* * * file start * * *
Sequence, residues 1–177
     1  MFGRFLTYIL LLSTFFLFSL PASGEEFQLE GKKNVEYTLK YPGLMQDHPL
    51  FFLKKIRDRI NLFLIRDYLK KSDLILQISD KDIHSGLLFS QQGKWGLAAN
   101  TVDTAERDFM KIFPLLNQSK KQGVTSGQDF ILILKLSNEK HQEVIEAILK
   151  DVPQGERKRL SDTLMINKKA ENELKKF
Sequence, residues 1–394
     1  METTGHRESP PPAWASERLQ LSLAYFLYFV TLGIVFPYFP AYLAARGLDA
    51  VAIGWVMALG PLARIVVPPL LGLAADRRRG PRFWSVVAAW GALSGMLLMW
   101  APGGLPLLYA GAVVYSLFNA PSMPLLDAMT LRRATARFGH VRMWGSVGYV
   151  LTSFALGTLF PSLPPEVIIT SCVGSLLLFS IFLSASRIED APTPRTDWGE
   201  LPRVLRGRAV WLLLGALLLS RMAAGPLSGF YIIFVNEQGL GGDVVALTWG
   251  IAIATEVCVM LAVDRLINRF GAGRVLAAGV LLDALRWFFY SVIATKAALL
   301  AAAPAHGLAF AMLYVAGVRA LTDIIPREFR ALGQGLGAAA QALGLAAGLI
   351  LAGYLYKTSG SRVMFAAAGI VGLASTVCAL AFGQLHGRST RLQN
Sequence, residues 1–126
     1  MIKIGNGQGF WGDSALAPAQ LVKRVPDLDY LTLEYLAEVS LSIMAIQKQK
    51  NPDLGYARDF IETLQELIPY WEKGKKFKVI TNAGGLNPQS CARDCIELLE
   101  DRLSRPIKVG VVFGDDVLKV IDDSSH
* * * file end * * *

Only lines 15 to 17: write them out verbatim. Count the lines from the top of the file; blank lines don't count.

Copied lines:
Sequence, residues 1–126
     1  MIKIGNGQGF WGDSALAPAQ LVKRVPDLDY LTLEYLAEVS LSIMAIQKQK
    51  NPDLGYARDF IETLQELIPY WEKGKKFKVI TNAGGLNPQS CARDCIELLE